The successive/first index—successive consultations divided by first consultations—is an indicator that is frequently used in health care management to evaluate the activity of outpatient clinics.13 This index helps to estimate the ability of a clinic to resolve cases, although it does not take into account possible re-entries of unresolved problems. In our study, if we assumed that all patients referred from the dermatologist are patients undergoing check-ups, we would have an index of 0.8 for public clinics and 0.2 for private clinics. These values point to a high ability to resolve cases, although it is striking that they do not agree with referrals, where, in both areas, 2 of every 3 patients undergo a check-up in the dermatology department. We cannot explain this observation, although it could be due to the fact that many check-ups are in the long term or many patients do not keep their appointments, especially in private centers. Similarly, the official statistics show a higher percentage of check-ups in private clinics (41%).14 However, the study population in this case is different, since it includes only polyvalent centers with major outpatient surgery or imaging-based diagnostic techniques, thus probably ruling out many of the private centers included in DIADERM.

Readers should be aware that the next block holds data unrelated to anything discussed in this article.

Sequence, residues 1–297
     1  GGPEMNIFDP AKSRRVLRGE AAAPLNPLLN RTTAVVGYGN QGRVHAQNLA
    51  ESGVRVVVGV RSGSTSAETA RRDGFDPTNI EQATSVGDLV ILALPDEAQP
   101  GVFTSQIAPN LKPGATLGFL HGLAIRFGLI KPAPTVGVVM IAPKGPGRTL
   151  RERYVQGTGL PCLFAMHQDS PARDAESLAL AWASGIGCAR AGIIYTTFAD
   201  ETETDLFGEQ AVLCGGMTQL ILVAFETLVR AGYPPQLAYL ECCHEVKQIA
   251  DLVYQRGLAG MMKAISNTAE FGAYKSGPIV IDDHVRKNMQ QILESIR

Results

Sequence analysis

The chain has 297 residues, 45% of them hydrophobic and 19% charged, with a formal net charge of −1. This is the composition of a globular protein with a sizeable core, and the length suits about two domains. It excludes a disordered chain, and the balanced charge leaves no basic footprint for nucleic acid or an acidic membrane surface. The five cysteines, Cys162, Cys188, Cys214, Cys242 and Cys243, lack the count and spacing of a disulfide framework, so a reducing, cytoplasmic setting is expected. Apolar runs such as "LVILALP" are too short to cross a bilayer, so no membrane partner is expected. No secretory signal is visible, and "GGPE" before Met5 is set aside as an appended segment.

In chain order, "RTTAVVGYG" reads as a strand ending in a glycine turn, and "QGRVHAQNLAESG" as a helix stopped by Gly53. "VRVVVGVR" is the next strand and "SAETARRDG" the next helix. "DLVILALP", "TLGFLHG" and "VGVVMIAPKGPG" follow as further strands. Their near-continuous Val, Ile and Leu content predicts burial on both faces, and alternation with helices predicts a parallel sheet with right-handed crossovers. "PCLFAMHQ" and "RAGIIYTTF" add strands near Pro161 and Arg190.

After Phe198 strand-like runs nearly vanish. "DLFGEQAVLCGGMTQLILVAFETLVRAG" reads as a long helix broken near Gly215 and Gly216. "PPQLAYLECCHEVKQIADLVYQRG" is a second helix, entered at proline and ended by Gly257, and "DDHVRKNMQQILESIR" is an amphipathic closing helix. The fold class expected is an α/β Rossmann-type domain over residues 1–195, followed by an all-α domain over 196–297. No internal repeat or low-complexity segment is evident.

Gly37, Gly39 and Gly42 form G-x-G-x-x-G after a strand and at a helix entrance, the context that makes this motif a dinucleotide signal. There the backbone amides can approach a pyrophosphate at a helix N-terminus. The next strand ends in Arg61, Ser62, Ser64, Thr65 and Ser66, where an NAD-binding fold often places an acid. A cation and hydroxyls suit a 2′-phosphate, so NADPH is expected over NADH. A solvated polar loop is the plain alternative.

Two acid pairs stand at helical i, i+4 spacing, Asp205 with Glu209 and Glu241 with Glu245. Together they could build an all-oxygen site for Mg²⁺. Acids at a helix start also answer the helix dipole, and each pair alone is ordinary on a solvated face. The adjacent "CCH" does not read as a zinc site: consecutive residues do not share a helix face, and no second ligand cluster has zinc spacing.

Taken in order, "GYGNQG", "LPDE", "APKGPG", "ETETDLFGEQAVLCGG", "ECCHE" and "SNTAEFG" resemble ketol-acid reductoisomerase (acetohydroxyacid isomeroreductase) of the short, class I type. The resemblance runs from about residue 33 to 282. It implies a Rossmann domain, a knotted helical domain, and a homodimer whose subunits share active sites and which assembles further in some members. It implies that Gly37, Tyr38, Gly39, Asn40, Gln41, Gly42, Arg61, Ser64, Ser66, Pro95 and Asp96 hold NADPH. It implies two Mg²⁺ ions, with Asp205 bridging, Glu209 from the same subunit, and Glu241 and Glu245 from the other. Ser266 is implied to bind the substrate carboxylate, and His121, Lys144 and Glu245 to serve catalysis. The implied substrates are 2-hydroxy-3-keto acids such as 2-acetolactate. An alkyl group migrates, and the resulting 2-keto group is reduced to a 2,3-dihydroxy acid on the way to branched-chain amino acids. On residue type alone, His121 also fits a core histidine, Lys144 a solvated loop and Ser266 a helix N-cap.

Our data on destination can be compared with those of Bertanha et al,2 who analyzed the destination of patients seen at a triage dermatology clinic for new patients in Brazil and reported a similar figure for discharges (33%). Curiously, we did not find significant differences in destination between public and private clinics. This is paradoxical, given that, depending on the origin, we did find a potentially greater ability to resolve cases in private clinics (see above). As for type of clinic, the tendency toward discharge is lower in specialist clinics than in general clinics, probably because fewer new patients are seen in the former and the most frequent diagnoses are chronic or oncologic diseases (Table 1), which require additional follow-up.